WASHINGTON/BEIJING (Reuters) - The United
States and China on Tuesday signed eight partnership pacts to cut
greenhouse gases that will bring the world's two biggest carbon emitters
closer together on climate policy, but fundamental differences between
the two sides remain.
Consensus between the United States and China will be a crucial
part of any new global climate pact to replace the 1997 Kyoto
Protocol, but they have long struggled to come to an agreement on
how the costs of cutting greenhouse gases should be distributed
among rich and poor nations.
Speaking in Beijing during the latest round of the U.S.-China
Strategic and Economic Dialogue, U.S. Secretary of State John Kerry
said on Wednesday that the two sides remained committed to "close
dialogue" on climate change negotiations.
"The significance of these two nations coming together can't be
understated. We are working hard to find a solution together that
can have an impact on the rest of the world."
The deals, which involve companies and research bodies, were signed
in Beijing ahead of a two-day visit to China by top Obama
administration officials, including Kerry, Treasury Secretary Jack
Lew and Energy Secretary Ernest Moniz.
The signing was attended by Xie Zhenhua, vice chairman of China's
influential economic planner, the National Development and Reform
Commission (NDRC), Todd Stern, the lead U.S. climate treaty
negotiator at the U.S. State Department, Obama adviser John Podesta
and Lee Zak, director of the U.S. Trade and Development Agency.
In one of the memoranda of understanding (MOUs), China's Huaneng
Clean Energy Research Institute, a subsidiary of state-owned power
company China Huaneng and Washington-based Summit Power Group agreed
to share information on clean coal power generation technology.
Huaneng is part of a Chinese consortium operating a 400-MW pilot
integrated gasification combined cycle plant in Tianjin.
Under the pact, Huaneng will share information with Summit Power,
which is expected to soon break ground on a similar project in Texas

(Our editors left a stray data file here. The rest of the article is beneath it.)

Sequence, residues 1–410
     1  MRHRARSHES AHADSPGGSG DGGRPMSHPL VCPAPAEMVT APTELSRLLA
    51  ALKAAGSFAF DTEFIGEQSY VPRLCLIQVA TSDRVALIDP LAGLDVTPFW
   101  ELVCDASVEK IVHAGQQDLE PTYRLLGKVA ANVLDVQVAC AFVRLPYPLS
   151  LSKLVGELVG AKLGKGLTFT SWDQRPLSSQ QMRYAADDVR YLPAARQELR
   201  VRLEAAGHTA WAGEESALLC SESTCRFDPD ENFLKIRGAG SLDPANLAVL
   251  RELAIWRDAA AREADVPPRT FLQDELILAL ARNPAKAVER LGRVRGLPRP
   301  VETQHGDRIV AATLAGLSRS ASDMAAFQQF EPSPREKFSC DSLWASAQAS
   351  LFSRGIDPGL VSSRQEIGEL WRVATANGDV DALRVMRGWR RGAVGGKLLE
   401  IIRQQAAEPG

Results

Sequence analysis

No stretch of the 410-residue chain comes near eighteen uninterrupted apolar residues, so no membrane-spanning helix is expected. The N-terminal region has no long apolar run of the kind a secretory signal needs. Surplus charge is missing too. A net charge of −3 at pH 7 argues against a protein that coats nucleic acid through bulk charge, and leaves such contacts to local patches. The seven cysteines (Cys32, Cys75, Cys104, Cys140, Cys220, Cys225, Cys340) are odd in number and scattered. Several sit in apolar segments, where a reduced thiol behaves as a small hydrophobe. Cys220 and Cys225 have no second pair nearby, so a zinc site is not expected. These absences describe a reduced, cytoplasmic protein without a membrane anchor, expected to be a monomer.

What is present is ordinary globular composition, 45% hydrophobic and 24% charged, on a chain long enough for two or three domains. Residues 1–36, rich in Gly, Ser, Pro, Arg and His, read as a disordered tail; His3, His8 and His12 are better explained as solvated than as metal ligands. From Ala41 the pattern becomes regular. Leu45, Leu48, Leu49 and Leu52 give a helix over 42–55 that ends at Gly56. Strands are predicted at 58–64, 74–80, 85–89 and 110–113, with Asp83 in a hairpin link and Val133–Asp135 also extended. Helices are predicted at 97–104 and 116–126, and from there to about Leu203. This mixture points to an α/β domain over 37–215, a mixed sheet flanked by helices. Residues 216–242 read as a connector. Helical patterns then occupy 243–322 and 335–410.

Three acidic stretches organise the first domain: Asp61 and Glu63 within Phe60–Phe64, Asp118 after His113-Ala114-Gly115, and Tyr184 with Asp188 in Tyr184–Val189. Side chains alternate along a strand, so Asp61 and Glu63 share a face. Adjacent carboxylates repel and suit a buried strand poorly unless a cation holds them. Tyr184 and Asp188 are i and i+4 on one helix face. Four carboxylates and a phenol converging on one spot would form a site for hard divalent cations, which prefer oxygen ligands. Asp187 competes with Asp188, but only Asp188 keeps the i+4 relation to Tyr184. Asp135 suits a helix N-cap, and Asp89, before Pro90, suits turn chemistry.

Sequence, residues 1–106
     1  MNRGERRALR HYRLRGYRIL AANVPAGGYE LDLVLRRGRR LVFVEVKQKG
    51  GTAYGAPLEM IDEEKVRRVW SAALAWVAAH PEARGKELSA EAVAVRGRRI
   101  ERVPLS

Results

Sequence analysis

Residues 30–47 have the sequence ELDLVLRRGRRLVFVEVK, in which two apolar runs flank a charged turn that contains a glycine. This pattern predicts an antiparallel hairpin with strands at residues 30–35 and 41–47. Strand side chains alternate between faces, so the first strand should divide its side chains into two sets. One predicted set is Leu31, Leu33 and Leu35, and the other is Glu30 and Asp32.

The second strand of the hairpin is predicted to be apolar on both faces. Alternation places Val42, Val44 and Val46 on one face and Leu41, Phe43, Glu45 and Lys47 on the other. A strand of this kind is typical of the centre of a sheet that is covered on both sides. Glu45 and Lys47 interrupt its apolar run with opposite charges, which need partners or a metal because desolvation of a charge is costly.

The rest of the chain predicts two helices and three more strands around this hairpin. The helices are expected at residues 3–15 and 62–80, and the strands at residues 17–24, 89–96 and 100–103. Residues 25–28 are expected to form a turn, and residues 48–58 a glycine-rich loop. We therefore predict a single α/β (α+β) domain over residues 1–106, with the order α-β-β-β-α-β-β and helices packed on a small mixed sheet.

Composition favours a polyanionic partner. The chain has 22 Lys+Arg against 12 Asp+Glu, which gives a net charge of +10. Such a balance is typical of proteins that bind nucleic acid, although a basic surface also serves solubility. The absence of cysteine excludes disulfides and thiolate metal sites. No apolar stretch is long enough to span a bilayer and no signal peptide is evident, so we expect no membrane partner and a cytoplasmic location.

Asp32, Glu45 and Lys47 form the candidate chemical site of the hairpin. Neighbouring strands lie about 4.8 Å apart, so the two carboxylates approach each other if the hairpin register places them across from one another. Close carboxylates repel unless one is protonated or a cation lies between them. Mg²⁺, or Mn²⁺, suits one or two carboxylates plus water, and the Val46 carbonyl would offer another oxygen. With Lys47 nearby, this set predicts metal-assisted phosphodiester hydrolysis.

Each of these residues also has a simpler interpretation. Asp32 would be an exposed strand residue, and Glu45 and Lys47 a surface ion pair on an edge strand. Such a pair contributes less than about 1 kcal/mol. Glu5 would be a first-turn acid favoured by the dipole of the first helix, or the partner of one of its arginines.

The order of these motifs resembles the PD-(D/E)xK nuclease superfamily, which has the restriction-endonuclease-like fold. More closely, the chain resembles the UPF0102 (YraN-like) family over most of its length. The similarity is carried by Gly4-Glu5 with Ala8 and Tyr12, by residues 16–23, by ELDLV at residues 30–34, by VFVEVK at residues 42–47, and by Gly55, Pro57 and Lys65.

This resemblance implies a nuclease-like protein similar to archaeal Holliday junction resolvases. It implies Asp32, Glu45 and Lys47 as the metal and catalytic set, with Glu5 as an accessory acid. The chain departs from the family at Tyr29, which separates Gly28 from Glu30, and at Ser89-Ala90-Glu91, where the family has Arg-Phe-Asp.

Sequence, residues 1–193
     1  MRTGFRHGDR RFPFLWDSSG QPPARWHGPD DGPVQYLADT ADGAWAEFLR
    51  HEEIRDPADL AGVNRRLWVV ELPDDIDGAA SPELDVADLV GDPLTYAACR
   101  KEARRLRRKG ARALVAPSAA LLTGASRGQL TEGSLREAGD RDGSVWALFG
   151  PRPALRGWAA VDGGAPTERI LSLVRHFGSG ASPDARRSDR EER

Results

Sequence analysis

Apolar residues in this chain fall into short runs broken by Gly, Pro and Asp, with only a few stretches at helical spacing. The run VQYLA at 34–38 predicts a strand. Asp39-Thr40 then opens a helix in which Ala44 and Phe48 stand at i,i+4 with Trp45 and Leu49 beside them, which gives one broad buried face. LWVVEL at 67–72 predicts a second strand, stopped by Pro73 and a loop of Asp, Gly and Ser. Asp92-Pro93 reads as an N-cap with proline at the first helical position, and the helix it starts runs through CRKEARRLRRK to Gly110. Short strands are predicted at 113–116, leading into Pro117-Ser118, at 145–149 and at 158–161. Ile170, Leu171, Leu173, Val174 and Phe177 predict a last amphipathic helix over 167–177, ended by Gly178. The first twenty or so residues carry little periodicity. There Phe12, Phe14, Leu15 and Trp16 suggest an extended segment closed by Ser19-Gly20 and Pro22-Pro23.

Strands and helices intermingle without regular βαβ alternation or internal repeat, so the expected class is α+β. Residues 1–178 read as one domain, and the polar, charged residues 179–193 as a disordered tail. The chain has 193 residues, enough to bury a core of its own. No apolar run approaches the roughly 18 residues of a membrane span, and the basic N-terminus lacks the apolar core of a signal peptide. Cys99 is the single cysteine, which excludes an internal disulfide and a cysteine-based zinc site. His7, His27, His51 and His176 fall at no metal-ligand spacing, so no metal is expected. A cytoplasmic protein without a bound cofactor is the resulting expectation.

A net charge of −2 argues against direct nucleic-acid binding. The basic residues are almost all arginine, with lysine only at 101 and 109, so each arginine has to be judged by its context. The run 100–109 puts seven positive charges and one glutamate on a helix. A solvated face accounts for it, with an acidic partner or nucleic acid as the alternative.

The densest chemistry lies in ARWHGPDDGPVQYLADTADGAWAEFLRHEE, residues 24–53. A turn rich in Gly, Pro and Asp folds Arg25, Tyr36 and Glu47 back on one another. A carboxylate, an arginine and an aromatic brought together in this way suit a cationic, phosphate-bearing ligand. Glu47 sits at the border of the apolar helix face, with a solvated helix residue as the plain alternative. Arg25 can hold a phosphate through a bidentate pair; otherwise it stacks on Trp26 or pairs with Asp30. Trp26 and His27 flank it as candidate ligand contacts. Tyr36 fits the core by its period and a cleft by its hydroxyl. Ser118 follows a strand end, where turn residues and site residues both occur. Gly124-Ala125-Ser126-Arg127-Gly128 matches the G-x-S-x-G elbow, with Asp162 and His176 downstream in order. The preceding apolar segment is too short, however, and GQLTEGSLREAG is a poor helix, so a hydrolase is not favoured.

after it secures engineering and procurement support from Petrochina
and Chinese engineering firm Huanqiu Contracting and Engineering.
The MOU is expected to be signed on Wednesday in Beijing.
Summit, in turn, will share information and technology for
recovering oil from captured carbon.
"This (pact) accelerates sharing of information on carbon capture
and storage for power," said Julio Friedmann, deputy assistant
Secretary for Clean Coal for the U.S. Department of Energy.
The partnership will be a boon to both countries, said Laura Miller,
a former mayor of Dallas who now manages the Texas Clean Energy
"We will be sharing expertise, years of development experience and
non-proprietary technology on both projects, all while making giant
steps forward for the world's environment," she said in an
Another project partners West Virginia University with Yanchang
Petroleum on an industrialized demonstration of ultra-cleaning
technology in northern Shaanxi province.
The University of Kentucky, another coal state university, will
partner with Shanxi Coal International Energy Group and Air Products
and Chemicals Inc on a project feasibility study for a 350MW
supercritical coal-fired power plant that can capture 2 million
tonnes of CO2 a year.
At a news briefing in the Chinese capital on Wednesday, the NDRC's
Xie welcomed the closer partnership of the world's top two CO2
emitters, but said more was needed in areas such as technological
"Developing countries are most concerned that they get funds and
technological support from developed countries," he said. "On this
issue, we are still having great difficulties and we have to put
forth more effort."
China has led the way in trying to persuade developed countries to
set up financing mechanisms to help poorer nations cut emissions and
adapt to climate change.
The issue remains a major stumbling-block in talks on a new global
accord, with the United States and others reluctant to commit funds.
Stern, the U.S. climate negotiator, said the United States didn't
disagree with China that there should be a differentiation in
responsibilities between developing and developed countries, but
that using old definitions for those labels established in 1992 was
a sticking point.
"I've had long and detailed conversations on this subject with vice
chairman Xie and others," he said. "We don't quarrel with the basic
Xie told Chinese media on Tuesday that wider two-way talks would
include a special high-level meeting on climate change, focused on
discussing domestic and international policies and possible
The U.S. delegation is in China for the sixth round of the
U.S.-China Strategic and Economic Dialogue, which are high-level
meetings on cooperation in areas from security to agriculture.
(Additional reporting by Lesley Wroughton, Kathy Chen and David
Stanway in Beijing; Editing by Ros Krasny, Clarence Fernandez and